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Posted by Christine Armishaw on 21/02/2022.

Horses Care About Whether a Man or Woman is in the Saddle

Any influence of the sex of the human partner in human–horse interactions on the behaviour of horses is currently largely anecdotal. Associations between the sex of humans and equine behaviour may have welfare implications.

This study investigates observations of ridden and non-ridden horse behaviour, as reported by respondents to the Equine Behaviour and Research Questionnaire (E-BARQ).

Results reveal some human sex-related differences between horses handled and ridden by male and female humans. Horses ridden or handled by male humans were more likely to be difficult to catch and defensive when approached, but less likely to pull on the reins/brace the neck or toss their head.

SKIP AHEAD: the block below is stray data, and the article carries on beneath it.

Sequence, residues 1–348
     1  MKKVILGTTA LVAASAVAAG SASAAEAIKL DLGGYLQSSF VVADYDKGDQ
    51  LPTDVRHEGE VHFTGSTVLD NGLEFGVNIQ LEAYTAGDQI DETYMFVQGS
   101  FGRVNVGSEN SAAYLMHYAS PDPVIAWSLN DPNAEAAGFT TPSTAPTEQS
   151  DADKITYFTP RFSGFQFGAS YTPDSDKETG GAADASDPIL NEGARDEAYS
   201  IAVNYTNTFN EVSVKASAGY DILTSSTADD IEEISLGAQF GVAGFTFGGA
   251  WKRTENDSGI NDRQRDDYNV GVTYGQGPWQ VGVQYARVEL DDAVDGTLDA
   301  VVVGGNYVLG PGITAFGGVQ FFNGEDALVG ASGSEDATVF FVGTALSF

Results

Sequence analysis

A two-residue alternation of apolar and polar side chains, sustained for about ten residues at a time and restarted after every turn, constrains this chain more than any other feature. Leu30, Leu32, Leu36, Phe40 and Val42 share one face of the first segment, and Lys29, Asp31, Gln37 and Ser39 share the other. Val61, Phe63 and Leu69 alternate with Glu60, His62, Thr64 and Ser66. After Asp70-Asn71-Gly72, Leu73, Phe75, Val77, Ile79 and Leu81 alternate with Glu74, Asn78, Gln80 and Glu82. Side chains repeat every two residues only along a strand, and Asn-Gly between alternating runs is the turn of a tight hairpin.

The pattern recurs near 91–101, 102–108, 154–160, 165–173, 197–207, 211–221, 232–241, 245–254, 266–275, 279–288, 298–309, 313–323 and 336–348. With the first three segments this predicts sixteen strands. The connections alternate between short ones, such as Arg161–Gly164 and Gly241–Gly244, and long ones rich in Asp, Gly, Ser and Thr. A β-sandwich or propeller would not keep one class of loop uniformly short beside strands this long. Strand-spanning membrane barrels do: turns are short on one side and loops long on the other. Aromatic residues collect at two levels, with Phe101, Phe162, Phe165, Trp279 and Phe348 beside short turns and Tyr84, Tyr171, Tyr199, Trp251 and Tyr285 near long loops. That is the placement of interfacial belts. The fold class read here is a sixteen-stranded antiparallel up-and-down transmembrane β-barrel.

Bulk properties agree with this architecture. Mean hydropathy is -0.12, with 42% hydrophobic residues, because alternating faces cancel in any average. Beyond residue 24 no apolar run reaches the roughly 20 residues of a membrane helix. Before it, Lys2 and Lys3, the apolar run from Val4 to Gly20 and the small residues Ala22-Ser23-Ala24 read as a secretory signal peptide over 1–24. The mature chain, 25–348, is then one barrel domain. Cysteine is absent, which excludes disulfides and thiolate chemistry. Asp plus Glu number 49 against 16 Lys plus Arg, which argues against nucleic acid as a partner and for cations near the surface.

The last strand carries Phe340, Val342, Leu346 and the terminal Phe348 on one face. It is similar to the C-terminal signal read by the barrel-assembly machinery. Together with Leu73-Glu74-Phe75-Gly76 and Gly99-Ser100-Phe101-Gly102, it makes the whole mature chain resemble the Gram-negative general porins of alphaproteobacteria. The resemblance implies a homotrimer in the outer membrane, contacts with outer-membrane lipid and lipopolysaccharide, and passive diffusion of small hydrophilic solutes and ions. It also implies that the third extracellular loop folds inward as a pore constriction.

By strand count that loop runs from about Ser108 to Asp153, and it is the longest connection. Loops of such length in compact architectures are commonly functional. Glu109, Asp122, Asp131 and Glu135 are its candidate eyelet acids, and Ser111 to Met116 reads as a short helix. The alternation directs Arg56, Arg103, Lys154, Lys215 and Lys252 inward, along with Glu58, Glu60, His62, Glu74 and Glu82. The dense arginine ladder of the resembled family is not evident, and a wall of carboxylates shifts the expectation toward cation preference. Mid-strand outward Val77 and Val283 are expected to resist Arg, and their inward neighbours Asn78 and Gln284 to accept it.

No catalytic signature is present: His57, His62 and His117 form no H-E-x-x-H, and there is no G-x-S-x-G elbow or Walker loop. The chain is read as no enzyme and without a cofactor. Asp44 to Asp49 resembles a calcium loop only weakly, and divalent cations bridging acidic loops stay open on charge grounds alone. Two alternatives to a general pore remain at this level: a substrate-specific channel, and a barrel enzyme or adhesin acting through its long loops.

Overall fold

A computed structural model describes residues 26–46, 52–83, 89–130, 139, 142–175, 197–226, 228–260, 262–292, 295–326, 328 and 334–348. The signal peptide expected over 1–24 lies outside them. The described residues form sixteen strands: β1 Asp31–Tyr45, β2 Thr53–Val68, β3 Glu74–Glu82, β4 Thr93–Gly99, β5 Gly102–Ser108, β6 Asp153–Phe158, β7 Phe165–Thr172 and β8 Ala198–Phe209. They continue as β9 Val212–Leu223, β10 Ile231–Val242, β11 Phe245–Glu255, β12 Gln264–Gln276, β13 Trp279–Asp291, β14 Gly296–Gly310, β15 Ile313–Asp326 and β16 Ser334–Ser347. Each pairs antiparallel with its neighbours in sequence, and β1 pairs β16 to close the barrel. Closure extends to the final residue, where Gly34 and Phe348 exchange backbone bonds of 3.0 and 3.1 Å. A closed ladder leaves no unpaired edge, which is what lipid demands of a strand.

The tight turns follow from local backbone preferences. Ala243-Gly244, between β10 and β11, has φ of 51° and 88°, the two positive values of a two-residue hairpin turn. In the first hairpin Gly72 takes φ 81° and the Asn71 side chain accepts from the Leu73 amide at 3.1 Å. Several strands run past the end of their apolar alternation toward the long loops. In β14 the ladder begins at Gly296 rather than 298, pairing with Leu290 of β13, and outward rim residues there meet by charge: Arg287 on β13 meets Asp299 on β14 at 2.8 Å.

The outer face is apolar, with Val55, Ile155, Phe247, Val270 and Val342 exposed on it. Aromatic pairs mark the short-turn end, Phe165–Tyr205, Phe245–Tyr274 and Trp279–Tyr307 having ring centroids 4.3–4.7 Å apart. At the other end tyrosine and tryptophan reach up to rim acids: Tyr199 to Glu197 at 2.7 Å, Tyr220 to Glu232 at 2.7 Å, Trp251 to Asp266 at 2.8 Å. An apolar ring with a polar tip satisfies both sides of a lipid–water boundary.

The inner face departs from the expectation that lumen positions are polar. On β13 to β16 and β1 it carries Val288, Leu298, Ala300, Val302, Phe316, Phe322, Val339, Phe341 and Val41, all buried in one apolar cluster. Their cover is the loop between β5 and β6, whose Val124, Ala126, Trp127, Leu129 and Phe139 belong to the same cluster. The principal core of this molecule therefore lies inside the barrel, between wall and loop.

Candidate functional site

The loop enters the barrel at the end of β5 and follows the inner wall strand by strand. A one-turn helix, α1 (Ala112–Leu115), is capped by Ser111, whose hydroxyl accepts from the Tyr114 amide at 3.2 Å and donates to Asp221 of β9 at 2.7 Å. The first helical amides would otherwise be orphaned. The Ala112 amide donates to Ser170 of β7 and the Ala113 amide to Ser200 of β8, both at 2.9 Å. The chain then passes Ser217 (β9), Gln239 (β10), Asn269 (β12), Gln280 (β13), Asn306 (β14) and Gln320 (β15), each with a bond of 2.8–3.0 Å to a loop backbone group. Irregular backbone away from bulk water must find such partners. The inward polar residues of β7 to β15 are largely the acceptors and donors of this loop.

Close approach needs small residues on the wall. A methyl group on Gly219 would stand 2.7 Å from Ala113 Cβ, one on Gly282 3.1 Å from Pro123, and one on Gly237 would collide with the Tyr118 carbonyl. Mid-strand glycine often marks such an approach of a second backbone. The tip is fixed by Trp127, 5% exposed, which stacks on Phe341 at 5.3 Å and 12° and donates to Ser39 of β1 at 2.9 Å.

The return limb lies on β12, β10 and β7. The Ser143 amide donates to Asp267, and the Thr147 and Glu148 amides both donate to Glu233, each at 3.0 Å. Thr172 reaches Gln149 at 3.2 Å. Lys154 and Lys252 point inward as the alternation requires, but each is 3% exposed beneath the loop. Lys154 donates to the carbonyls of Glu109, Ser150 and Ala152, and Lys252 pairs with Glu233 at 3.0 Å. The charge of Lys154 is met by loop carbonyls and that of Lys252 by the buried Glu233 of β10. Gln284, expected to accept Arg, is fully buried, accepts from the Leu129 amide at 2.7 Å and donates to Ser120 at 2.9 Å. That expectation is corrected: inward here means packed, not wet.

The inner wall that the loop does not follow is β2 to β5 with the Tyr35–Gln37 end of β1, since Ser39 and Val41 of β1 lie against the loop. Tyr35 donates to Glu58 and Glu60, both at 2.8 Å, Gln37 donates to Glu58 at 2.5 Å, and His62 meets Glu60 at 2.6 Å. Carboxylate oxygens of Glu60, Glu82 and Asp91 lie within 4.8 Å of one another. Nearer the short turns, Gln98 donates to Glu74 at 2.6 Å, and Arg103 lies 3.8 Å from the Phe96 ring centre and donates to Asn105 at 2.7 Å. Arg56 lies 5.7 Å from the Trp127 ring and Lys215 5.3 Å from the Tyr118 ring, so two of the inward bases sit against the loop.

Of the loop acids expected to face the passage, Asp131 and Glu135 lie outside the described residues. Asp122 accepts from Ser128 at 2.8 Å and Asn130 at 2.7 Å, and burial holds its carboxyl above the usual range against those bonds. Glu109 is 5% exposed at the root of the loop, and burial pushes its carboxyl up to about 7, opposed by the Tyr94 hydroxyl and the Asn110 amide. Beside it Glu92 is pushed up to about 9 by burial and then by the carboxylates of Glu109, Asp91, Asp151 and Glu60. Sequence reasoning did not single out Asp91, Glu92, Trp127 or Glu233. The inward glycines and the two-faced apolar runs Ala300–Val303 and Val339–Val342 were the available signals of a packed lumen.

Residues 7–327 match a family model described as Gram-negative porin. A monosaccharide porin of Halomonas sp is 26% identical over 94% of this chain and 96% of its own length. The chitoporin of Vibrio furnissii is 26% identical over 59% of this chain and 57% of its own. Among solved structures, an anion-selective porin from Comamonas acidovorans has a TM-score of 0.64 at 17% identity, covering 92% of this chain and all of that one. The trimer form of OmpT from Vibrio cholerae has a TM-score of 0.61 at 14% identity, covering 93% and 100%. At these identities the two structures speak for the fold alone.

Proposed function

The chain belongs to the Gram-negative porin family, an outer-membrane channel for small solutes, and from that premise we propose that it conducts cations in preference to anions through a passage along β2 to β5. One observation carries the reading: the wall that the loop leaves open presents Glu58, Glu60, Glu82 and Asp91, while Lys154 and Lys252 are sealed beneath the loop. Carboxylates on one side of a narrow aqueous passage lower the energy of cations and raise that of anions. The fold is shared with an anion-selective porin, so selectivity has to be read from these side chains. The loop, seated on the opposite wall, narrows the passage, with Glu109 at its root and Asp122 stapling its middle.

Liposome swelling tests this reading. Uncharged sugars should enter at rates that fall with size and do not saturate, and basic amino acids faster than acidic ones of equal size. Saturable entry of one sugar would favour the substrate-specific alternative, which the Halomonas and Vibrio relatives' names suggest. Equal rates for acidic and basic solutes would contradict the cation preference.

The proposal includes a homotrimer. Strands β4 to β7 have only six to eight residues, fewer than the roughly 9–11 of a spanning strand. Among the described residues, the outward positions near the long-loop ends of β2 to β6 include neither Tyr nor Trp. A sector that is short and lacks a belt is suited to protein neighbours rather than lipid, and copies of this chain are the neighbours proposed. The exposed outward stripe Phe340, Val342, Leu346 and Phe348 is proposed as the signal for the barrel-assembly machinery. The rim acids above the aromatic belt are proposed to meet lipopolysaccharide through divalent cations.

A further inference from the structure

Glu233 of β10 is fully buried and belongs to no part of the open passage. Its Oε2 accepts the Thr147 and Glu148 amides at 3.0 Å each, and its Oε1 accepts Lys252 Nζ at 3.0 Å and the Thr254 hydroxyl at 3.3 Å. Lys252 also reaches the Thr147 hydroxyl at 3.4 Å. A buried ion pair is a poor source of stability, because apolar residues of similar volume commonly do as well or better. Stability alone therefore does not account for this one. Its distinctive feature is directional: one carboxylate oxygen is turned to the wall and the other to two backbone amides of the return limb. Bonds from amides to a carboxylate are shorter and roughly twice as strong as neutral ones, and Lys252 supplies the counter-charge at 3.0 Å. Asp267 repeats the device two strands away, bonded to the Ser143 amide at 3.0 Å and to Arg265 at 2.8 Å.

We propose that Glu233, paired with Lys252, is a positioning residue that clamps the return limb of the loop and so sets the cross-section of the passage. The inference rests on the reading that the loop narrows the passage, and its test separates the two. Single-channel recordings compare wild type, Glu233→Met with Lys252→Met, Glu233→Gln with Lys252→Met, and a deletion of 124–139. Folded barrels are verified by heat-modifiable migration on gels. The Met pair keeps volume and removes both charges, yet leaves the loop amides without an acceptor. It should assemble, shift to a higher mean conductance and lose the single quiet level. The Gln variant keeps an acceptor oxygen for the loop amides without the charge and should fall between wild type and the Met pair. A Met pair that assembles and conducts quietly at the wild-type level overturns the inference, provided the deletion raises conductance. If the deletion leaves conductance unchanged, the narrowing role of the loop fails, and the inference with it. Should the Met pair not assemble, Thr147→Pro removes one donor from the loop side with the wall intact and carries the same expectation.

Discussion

The study revealed the importance of considering the sex of the rider or handler when investigating equine behaviour. Read the full study here

Take the E-BARQ Survey

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